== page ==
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Camaro V8 LS3 / L99 Engine, Exhaust, and Bolt-Ons Bolt-Ons | Intakes | Exhaust

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Old 09-23-2008, 05:20 PM   #1
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VVT on L99, or what?

I'm looking at the cut away illustrations of the LS3 and L99 on http://www.gmhightechperformance.com
Compare the timing gears/chain on the two engines. The LS3 cam gear looks like you'd expect, but the L99 looks much different. It's obviously more than just a timing chain cam sprocket. Is it part of the AFM system (don't think so), or some sort of VVT mechanism, or what?

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Old 09-23-2008, 06:54 PM   #2
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it is part of the AFM system but i cant explain it
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Old 09-23-2008, 07:37 PM   #3
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it is part of the AFM system but i cant explain it
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Old 09-23-2008, 07:41 PM   #4
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I can't explain it either. I thought the AFM was operated by solenoids and a valve body in the crotch of the cylinder bank. The cam "sprocket" looks like it could be one of those hydraulic cam phase changers that are used to vary timing, but of course without individual intake and exhaust cams, it would phase shift both intake and exhaust lobes simultaneously. Anyone know?

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Old 09-23-2008, 10:47 PM   #5
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The VVT and AFM are independent systems but probably work together for the best efficiency. AFM just has collapsible lifters and the cam phaser I THINK moves the intake and exhaust together. It seems REALLY expensive to have a 2 in 1 type of cam but I could be wrong. I would assume also the VVT is hydraulically operated as is the AFM is.
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Old 09-24-2008, 06:09 AM   #6
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It is possible to have a cam in cam system, and vary the intake and exhaust valve timing relative to each other, dodge does it for the new viper. However, from what I understand, the L99 simply varies the timing of the camshaft. Think of it as advancing or retarding the camshaft as the engine is running based on engine conditions. For the L99, VVT may have more to do with optimizing the engine for 4 cylinder vs. 8 cylinder operation than with anything else, but I am not too sure. If it made a big difference to fuel economy or increased performance, I would think you would have seen the VVT on the LS3.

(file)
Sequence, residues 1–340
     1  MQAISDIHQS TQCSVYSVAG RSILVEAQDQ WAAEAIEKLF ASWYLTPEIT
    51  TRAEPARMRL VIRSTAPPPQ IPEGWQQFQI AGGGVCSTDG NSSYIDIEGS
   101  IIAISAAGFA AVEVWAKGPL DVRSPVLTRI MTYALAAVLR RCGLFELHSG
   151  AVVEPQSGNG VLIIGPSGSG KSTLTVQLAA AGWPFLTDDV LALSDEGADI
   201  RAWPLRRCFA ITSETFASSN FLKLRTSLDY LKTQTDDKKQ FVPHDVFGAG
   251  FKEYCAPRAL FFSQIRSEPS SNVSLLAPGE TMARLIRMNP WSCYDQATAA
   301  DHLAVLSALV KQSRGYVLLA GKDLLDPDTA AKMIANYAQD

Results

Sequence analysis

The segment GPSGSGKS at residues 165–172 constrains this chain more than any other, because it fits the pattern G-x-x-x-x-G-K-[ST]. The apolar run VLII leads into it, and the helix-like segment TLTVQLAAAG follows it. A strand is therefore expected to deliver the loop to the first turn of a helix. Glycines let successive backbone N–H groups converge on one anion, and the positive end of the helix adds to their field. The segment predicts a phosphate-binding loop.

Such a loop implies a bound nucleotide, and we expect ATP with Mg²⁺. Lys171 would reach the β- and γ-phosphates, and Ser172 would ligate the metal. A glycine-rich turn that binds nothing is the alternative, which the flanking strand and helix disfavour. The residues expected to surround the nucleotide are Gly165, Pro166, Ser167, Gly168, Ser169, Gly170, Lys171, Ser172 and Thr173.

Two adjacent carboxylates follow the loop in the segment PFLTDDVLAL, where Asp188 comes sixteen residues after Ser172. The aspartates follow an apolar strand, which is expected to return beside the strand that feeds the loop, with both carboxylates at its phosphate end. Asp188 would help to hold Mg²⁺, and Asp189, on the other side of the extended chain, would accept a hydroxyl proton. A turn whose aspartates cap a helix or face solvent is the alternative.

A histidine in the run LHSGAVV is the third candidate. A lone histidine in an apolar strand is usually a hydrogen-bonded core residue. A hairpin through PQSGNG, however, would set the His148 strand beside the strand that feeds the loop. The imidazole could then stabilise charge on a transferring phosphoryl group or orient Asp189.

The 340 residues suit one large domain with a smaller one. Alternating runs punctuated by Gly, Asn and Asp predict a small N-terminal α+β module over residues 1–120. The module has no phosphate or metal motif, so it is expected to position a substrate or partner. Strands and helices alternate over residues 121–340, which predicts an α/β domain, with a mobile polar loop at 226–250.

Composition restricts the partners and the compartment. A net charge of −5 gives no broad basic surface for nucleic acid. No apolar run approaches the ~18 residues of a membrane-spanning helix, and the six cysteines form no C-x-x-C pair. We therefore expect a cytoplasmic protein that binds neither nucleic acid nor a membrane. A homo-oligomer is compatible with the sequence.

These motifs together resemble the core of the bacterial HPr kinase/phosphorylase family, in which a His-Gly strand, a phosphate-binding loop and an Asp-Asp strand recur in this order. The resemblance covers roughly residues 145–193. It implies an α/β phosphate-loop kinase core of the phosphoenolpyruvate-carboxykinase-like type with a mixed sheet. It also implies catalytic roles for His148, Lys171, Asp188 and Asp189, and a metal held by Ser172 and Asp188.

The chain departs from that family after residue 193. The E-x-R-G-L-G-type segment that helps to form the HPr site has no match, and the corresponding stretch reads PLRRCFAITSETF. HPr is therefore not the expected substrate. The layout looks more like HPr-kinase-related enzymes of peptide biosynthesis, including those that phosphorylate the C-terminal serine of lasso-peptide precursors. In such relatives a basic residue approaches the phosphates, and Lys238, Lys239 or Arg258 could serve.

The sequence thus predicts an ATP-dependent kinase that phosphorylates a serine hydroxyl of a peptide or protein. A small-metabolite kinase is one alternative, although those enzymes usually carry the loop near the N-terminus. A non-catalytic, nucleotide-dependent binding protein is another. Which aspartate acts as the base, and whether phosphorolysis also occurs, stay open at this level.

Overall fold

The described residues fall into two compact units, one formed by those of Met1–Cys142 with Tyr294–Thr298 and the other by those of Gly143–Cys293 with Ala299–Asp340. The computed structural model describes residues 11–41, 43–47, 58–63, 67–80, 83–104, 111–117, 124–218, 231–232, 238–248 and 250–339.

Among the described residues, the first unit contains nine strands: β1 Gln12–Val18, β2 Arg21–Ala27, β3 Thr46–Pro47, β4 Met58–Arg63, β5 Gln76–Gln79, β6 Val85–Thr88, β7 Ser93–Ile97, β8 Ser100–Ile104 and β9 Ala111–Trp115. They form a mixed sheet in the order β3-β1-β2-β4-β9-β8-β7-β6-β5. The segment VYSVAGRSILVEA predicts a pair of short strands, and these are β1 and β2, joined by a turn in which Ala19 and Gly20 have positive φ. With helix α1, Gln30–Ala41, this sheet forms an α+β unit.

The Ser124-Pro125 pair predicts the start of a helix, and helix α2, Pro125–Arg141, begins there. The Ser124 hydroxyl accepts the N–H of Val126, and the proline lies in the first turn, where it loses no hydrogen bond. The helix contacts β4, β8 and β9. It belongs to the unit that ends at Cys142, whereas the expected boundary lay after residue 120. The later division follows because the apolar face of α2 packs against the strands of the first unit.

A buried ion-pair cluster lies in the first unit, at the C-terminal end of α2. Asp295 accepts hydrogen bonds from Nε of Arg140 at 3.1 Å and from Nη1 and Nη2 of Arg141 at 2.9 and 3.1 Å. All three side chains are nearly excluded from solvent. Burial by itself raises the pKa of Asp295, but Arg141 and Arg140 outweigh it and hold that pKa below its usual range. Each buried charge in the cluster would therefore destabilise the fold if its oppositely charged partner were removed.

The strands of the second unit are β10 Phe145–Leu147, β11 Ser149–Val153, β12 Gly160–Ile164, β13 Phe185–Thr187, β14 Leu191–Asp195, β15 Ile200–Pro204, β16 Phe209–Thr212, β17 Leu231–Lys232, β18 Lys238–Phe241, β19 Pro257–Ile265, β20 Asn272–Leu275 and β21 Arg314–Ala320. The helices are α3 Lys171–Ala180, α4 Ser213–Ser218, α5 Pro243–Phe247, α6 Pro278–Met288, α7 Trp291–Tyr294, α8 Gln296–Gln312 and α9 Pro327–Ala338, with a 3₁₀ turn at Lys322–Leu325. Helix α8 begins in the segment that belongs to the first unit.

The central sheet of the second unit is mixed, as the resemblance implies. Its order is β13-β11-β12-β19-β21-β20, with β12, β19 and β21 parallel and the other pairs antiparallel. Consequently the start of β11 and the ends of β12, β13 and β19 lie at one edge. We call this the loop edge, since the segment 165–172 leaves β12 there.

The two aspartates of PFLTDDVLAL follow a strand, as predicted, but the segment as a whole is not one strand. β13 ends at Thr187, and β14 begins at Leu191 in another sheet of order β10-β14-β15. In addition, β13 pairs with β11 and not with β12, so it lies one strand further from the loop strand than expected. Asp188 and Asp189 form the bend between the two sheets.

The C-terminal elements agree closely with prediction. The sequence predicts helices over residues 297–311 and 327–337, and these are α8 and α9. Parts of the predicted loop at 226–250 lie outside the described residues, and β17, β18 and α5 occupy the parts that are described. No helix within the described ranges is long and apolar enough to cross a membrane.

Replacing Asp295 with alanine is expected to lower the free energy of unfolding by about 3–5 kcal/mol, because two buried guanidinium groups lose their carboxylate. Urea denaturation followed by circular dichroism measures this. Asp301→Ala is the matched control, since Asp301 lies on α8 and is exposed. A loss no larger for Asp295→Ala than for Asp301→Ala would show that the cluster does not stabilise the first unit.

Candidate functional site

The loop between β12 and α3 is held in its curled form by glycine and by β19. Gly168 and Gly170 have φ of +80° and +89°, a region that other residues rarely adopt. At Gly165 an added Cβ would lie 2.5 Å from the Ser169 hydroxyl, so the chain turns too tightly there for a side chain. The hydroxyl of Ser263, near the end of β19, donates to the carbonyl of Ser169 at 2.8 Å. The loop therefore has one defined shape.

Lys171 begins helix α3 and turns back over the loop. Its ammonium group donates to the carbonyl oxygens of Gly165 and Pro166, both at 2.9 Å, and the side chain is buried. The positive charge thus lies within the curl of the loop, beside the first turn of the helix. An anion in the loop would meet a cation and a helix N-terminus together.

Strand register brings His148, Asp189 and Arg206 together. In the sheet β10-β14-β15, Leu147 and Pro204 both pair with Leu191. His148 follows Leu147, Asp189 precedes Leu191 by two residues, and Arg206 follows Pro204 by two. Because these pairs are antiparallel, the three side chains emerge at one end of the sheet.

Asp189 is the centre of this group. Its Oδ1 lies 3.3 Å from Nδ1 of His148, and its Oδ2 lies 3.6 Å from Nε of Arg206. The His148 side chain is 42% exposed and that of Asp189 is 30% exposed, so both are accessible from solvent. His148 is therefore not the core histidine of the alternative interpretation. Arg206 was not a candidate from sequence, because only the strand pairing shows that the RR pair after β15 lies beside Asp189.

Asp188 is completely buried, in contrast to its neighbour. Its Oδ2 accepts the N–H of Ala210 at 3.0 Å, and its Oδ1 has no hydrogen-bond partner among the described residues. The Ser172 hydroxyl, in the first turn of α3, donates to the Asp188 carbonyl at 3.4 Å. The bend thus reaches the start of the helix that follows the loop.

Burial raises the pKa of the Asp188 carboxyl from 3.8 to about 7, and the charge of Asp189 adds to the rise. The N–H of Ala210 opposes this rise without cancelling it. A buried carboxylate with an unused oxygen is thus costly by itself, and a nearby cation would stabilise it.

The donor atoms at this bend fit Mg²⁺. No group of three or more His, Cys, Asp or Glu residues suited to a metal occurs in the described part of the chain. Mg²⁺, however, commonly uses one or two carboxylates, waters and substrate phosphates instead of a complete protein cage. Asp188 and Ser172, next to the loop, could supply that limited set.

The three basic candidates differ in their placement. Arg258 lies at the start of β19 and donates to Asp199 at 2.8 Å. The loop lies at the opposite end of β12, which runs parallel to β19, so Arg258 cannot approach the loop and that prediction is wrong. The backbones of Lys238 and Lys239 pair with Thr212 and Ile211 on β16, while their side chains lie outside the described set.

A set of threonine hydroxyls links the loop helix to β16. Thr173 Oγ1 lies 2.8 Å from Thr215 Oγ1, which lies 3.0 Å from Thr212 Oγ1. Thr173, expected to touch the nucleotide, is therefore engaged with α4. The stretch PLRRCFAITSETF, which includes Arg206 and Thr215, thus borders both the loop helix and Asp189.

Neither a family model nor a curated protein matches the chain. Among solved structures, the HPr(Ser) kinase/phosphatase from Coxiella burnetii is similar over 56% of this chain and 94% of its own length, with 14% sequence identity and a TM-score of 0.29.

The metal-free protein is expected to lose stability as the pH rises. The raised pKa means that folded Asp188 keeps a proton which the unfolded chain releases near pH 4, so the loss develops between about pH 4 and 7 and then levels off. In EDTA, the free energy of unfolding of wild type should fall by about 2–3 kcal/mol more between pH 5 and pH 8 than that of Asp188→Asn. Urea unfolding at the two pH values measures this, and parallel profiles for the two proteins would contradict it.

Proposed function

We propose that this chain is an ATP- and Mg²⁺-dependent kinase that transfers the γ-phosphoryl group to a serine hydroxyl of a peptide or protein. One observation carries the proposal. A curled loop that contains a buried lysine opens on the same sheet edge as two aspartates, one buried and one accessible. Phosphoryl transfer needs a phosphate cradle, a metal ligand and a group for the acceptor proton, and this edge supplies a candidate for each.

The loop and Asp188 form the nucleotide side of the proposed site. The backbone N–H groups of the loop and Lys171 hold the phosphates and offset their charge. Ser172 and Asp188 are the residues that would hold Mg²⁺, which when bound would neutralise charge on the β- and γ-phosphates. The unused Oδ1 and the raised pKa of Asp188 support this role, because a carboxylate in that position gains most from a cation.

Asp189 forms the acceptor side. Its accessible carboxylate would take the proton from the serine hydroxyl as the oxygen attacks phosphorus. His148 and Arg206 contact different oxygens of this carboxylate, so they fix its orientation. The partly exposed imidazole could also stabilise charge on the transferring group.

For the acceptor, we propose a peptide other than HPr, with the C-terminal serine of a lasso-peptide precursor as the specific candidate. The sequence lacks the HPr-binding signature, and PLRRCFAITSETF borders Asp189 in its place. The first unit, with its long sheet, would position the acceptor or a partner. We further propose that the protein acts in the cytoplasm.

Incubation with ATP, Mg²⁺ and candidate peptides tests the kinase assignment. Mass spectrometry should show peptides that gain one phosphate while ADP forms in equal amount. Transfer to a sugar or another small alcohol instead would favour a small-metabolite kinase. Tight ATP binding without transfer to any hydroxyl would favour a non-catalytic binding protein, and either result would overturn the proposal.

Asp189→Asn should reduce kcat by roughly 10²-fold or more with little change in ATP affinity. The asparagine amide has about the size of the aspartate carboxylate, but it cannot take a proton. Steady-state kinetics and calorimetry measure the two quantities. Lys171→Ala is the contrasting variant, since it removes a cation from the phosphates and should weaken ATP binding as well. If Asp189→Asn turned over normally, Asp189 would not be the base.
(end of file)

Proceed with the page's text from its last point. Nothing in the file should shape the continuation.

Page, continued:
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Old 09-24-2008, 08:24 AM   #7
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I checked the catalog and GM calls that cam sprocket a "camshaft position actuator." I found it on a '09 1500 hybrid with the 6.0 "LFA" motor. Thats the only thing I could find it on. It also shows a "actuator magnet" on the front of the timing cover.
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Old 09-29-2008, 01:49 PM   #8
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If this has been discussed I apologize(I didn't see it), but does anyone out there have concerns/issues with the L99 having the AFM and shutting down cylinders ? I KNOW the electronics/management is far better than it used to be(the Cadillac 4-6-8)-but I guess I'm too old school to accept technology such as this. I figure the more technical and advanced it is-there's just all that much more to break down and fix. Thanks for a great forum.
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Old 09-29-2008, 01:50 PM   #9
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Originally Posted by ohnonothimagain View Post
If this has been discussed I apologize(I didn't see it), but does anyone out there have concerns/issues with the L99 having the AFM and shutting down cylinders ? I KNOW the electronics/management is far better than it used to be(the Cadillac 4-6-8)-but I guess I'm too old school to accept technology such as this. I figure the more technical and advanced it is-there's just all that much more to break down and fix. Thanks for a great forum.
I imagine your concern is lag. That will not be a problem with the L99.
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Old 09-29-2008, 01:54 PM   #10
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I don't know how long AFM has been out...I want to say 4-5 years...but I've never read anything about it breaking down or failing. No articles, no recalls, no reviews, no posts...

I'm certainly no authority on the subject, but the only negative aspect to AFM I've heard reported is an awkward exhaust note when the system is engaged.
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Old 09-29-2008, 02:46 PM   #11
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Originally Posted by Dragoneye View Post
I don't know how long AFM has been out...I want to say 4-5 years...but I've never read anything about it breaking down or failing. No articles, no recalls, no reviews, no posts...